I am pleased to announce my candidacy for the Citizen Potawatomi Nation Office of Vice Chairman during the upcoming election. In addition, I am ecstatic to share that Secretary-Treasurer D. Wayne Trousdale is also running for re-election. That almost seems the proper thing for both of us to do since we have served the Tribe for so many years. I have been in the vice-chairman position since 1990. This is Trousdale’s fifth time to run for office, mostly unopposed.
Our people know the skill set of Mr. Trousdale, his expertise in successfully running a multimillion-dollar business and his adeptness in dealing with financial matters. Mr. Trousdale has equal skills to proficient accounting specialists when it comes to dealing with tribal government finance.
One thing for sure, both Secretary-Treasurer Trousdale and I have an abundance of institutional memory. The glory of institutional memory is that it is shared among members of a group — in our case, the employees, CPN tribal members and even community contacts. Elements of this special memory are important in many areas of an organization and are closely akin to institutional knowledge, which translates historical data into useful knowledge and wisdom.
I have other reasons to be pleased, too. This fall I had an opportunity to witness some awesome experiences. One highlight was being part of a birthday surprise for tribal member Edna Blevins, who celebrated her 100th birthday Oct. 7 at the Lawton Indian Hospital community room in Lawton, Oklahoma. It was organized by Christina Hutchison of the hospital and attended by several of Edna’s family members. Her two wonderful sons were present, Tony and his lovely wife from Arizona and James from Verden. Other precious relatives were in attendance also.
Wow! One-hundred years old is very lovely when you are experiencing quality life like Edna. She is a member of the Bertrand and Melot heritage families, both her mom and dad being members of Citizen Potawatomi Nation. When both parents are Potawatomi, I akin that to the maximum of heritage benefit.
A Pendleton blanket and a birthday cake from CPN were presented to Edna. She is a delight to know, and it was a privilege to me to be part of such a prestigious birthday celebration. This celebration was my sixth within two years for those who are 100 years old and older. There were three in Oklahoma, one in Kansas, one in Texas and one in Arkansas.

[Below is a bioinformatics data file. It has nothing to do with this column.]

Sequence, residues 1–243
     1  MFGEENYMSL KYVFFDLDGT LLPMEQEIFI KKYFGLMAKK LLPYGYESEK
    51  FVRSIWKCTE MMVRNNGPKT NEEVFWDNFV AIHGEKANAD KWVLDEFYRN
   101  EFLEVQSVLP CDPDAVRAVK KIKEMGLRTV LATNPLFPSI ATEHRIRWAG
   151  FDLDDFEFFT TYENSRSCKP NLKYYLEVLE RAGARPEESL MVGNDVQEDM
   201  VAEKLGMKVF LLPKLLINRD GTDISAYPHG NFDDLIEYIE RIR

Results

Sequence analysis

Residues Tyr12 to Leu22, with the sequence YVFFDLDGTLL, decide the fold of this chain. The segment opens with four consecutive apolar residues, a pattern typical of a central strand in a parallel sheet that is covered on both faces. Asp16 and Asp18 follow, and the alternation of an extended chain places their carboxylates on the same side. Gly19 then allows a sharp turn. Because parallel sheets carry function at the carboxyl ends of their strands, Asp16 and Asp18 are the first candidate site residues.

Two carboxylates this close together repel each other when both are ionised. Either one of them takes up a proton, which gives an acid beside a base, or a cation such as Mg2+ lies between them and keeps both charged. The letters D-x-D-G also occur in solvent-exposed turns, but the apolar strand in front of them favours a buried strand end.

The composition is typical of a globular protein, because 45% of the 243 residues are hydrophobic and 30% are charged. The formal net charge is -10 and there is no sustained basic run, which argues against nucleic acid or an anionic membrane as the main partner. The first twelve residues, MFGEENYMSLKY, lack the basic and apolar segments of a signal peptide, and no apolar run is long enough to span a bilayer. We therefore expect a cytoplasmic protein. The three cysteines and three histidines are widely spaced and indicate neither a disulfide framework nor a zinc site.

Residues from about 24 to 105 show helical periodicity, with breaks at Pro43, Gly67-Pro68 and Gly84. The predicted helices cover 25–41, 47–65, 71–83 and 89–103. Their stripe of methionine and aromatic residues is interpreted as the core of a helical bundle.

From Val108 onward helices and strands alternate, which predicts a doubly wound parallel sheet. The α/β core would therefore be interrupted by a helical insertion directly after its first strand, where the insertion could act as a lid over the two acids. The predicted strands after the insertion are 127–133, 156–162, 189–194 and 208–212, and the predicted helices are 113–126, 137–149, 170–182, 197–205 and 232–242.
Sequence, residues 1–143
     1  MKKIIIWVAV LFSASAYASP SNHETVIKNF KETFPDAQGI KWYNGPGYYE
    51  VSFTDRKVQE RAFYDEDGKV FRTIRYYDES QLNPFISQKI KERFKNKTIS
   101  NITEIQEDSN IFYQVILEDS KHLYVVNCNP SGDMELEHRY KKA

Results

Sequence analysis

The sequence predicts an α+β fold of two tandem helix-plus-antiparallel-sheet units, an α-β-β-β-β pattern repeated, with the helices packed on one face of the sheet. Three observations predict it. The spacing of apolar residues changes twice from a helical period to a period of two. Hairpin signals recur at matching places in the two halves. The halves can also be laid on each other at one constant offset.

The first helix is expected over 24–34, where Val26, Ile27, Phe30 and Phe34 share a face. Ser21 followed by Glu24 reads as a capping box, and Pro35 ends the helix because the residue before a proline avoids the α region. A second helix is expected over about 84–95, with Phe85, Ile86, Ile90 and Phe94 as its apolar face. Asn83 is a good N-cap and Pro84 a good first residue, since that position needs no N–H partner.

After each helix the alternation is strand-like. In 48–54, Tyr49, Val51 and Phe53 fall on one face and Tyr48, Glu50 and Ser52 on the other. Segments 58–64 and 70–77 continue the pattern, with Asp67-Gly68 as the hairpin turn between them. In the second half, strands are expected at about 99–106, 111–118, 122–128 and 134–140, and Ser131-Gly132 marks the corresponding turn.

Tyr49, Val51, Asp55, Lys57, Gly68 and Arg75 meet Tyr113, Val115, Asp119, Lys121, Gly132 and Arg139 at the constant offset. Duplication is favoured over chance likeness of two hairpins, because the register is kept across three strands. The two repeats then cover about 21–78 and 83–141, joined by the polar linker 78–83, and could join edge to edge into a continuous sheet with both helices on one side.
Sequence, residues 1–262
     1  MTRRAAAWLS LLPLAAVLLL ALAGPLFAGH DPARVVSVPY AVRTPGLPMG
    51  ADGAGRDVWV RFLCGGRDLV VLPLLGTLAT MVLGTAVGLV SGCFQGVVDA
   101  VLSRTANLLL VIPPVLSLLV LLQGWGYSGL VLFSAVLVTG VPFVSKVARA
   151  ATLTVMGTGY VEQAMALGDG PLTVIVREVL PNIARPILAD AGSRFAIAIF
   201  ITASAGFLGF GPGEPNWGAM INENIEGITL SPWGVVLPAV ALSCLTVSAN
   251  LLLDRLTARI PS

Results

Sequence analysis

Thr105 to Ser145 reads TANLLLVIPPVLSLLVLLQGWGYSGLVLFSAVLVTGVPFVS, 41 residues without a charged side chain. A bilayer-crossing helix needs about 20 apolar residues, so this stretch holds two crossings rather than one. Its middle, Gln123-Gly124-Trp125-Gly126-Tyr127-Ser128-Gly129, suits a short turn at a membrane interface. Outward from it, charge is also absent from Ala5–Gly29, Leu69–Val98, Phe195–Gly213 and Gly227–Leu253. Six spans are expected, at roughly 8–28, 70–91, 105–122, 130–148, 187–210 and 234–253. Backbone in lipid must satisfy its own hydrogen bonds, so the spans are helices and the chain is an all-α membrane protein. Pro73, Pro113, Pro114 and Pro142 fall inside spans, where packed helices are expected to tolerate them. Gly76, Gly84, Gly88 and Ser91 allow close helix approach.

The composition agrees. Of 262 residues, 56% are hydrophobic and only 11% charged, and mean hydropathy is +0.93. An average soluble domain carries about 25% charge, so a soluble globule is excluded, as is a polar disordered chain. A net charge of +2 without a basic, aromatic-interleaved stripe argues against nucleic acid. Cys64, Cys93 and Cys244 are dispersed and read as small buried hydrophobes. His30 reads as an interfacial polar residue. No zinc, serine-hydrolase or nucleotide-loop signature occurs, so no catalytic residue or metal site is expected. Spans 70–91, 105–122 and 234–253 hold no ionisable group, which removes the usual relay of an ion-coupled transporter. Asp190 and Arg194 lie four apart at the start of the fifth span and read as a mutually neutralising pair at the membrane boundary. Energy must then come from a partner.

That is, indeed, amazing!
Tribal member Jackie Gamble and his wife Billie live in Seminole. Their youngest daughter, Jaycee, has recently committed and signed to play softball for the University of Science and Arts of Oklahoma (USAO).
Jaycee is a senior standout for Maud, Oklahoma, located in Seminole County. The senior hurler had a perfect mentor for her softball career with older sister Brooke, a first base star herself a few years ago at Seminole High School.
Brooke is now doing her student teaching in Maud, as a biology major. In addition, she is working with the coach for fast and slow pitch softball.
Softball is a family affair for the Gamble family, as Jackie Gamble is also helping out with Maud softball. As is readily understood, Jackie was a great little league coach for his daughters. Gamble has worked for CPN since Nov. 22, 1999. He is presently the Assistant Director of Construction.
All who know Jackie and work with him at CPN can vouch to the fact that he does an excellent job in the construction business.
(Black Bird Woman)